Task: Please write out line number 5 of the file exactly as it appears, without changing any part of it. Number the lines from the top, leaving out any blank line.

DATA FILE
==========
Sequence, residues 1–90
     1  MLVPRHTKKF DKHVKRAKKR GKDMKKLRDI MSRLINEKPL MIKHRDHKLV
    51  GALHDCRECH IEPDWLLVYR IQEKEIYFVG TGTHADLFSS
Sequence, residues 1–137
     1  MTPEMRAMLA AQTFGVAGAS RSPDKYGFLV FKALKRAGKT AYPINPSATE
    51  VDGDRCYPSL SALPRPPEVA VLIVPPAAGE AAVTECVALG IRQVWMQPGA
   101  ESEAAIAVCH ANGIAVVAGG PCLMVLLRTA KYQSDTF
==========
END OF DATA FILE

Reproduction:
     1  MTPEMRAMLA AQTFGVAGAS RSPDKYGFLV FKALKRAGKT AYPINPSATE